(Cambridge) Aug. 5 – On the 78th anniversary of the atomic attack on Hiroshima and Nagasaki, Massachusetts, peace activists and faith groups across Massachusetts will gather and reflect, calling for worldwide abolition of nuclear weapons.
Saturday, August 5
Northampton, 11am, King/Pleasant and Main Streets
Brookline, 2pm, Coolidge Corner Library, 31 Pleasant Street
Sunday, August 6
Pittsfield, 8am, Park Square
Springfield, 2:30 pm, City Hall, 36 Court St.
Fall River, 6pm, Veterans Memorial Bicentennial Park, President Ave.
Cambridge, 6pm, Friends Meeting, 5 Longfellow Park
Andover, 7pm, Old Town Hall, 20 Main St.
Worcester, 7:30 pm, Worcester Peace Park, Pleasant & Winslow Sts.
Watertown, 7:30 pm, Watertown Square, Main St at Spring St.
Monday, August 7
Bridgewater, 6pm, Public Library, 15 South St or online
Wednesday, August 9
Walpole, 5pm, Walpole Common, 5 West St.
Easthampton, 5:30 pm, Emiliy Williston Library, 9 Park Street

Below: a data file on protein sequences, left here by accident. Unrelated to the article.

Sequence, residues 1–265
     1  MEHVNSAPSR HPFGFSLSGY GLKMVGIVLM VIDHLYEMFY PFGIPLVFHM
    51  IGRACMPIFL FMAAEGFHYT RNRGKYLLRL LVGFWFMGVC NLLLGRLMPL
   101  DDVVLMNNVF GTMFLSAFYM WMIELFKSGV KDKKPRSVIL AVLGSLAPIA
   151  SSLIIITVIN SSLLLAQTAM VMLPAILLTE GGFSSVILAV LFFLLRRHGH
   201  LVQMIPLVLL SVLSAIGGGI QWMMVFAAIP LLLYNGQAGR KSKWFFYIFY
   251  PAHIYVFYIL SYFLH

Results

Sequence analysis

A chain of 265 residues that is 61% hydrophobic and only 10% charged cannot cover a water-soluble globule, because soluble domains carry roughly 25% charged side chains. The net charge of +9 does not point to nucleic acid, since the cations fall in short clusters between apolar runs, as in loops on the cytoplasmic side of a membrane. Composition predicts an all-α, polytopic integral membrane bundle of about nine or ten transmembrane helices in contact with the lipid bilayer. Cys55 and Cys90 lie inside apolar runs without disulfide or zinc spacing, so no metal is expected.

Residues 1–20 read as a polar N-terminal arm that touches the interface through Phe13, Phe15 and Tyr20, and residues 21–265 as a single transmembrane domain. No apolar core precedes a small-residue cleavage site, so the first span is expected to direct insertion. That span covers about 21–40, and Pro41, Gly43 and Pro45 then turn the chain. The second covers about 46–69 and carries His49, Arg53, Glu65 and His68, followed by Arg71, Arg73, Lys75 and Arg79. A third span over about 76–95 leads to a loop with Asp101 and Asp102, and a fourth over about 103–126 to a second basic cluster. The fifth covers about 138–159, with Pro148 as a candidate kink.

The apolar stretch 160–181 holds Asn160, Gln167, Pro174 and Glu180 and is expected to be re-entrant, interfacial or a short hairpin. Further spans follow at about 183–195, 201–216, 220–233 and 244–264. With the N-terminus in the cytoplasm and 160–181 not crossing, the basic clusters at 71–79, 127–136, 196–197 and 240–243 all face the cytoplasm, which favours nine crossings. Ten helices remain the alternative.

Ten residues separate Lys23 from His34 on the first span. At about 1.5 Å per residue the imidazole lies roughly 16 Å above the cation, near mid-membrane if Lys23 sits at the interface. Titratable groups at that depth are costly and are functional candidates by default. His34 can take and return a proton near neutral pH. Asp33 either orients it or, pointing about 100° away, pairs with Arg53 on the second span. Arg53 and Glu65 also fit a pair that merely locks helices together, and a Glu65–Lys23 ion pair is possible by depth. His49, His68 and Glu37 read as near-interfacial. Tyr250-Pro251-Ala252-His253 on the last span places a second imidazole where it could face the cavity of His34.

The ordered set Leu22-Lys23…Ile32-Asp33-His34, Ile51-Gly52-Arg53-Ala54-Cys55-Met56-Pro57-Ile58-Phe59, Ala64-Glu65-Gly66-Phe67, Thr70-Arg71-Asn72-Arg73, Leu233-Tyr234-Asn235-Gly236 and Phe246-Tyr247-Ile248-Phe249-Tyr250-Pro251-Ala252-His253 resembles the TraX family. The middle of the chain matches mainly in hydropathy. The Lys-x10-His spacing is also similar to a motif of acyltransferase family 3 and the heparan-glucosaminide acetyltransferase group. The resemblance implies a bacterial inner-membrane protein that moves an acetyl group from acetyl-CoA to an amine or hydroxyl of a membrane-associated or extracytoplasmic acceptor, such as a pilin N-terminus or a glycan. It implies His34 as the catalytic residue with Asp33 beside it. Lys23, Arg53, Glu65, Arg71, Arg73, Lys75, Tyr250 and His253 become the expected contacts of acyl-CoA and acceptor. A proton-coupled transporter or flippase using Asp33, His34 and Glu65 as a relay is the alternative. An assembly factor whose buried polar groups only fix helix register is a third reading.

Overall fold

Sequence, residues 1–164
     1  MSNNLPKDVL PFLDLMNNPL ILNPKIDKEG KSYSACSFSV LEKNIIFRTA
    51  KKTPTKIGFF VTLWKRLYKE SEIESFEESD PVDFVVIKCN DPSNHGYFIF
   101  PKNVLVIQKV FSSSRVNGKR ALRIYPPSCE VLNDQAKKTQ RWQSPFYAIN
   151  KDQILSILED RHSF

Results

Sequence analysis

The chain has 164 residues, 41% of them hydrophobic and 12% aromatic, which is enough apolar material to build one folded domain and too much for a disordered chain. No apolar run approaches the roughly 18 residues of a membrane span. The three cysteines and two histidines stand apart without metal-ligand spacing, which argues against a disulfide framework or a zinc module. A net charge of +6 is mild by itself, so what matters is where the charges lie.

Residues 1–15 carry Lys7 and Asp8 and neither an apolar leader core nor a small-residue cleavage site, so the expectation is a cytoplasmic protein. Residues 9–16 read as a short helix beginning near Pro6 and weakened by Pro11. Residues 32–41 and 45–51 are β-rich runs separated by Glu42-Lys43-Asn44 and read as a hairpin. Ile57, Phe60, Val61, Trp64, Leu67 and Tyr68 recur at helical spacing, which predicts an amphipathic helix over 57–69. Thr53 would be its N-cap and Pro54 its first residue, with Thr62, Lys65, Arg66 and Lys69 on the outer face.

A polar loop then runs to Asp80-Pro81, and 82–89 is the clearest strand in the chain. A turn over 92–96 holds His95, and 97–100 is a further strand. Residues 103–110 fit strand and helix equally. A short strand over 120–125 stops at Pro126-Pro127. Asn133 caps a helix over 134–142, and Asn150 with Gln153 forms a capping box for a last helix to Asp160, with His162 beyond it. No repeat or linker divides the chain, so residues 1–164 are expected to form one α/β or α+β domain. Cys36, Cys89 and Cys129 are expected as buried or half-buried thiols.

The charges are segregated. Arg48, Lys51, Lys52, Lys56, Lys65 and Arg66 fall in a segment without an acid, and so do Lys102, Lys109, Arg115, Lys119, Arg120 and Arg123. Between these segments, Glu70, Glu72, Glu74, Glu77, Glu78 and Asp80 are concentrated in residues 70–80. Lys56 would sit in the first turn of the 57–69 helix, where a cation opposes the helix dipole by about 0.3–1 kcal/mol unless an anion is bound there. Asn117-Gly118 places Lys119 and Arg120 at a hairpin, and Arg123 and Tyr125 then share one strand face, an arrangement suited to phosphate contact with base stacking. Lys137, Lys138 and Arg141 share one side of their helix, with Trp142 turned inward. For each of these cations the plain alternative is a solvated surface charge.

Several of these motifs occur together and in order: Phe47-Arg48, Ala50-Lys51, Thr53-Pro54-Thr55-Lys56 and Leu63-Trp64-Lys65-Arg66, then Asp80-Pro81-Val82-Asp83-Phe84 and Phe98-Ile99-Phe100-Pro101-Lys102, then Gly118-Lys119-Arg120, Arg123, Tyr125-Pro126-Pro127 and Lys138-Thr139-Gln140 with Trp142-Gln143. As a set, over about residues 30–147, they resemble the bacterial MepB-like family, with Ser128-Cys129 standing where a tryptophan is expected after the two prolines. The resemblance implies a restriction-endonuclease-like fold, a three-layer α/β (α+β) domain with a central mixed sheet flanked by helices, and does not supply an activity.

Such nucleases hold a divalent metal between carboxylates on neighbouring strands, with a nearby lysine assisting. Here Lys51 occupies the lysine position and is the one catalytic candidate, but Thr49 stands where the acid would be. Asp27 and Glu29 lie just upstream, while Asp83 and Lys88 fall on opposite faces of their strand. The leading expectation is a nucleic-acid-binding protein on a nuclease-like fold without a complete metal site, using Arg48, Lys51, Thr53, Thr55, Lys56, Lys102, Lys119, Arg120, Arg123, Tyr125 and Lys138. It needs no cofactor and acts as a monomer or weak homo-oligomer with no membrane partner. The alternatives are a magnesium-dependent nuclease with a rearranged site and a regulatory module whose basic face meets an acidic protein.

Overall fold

Bridgewater, 6pm, Public Library, 15 South St. or online
Our annual resistance to the presence and use of nuclear weapons is even more important this year as we face the tangible threats of escalation in Ukraine, cold war with China, and the effects of climate change.
NO MORE HIROSHIMAS and NAGASAKIS!
NO MORE VICTIMS – ABOLISH NUCLEAR WEAPONS!
“Why do we stand in silence and float candle boats”?
- To remember the more than 210,000 killed, and the many more injured, by the U.S. nuclear attack on the Japanese cities of Hiroshima and Nagasaki on August 6 and 9 in 1945.
- To remember the original five nuclear states , the U.S., Russia, U.K., France, and China, have not taken serious action to abolish nuclear weapons, which has led India, Pakistan, North Korea and Israel to also acquire nuclear weapons.
- To remember that the U.S. should support the Treaty on the Prohibition of Nuclear Weapons and adopt a “No First Use” doctrine: the U.S. must never be the first to use nuclear weapons. Tell your member of Congress to cosponsor H.Res.77
- To remember that the danger of nuclear war is ever present and that without a powerful grassroots movement dedicated to nuclear abolition, the unthinkable, another Hiroshima or Nagasaki, is possible.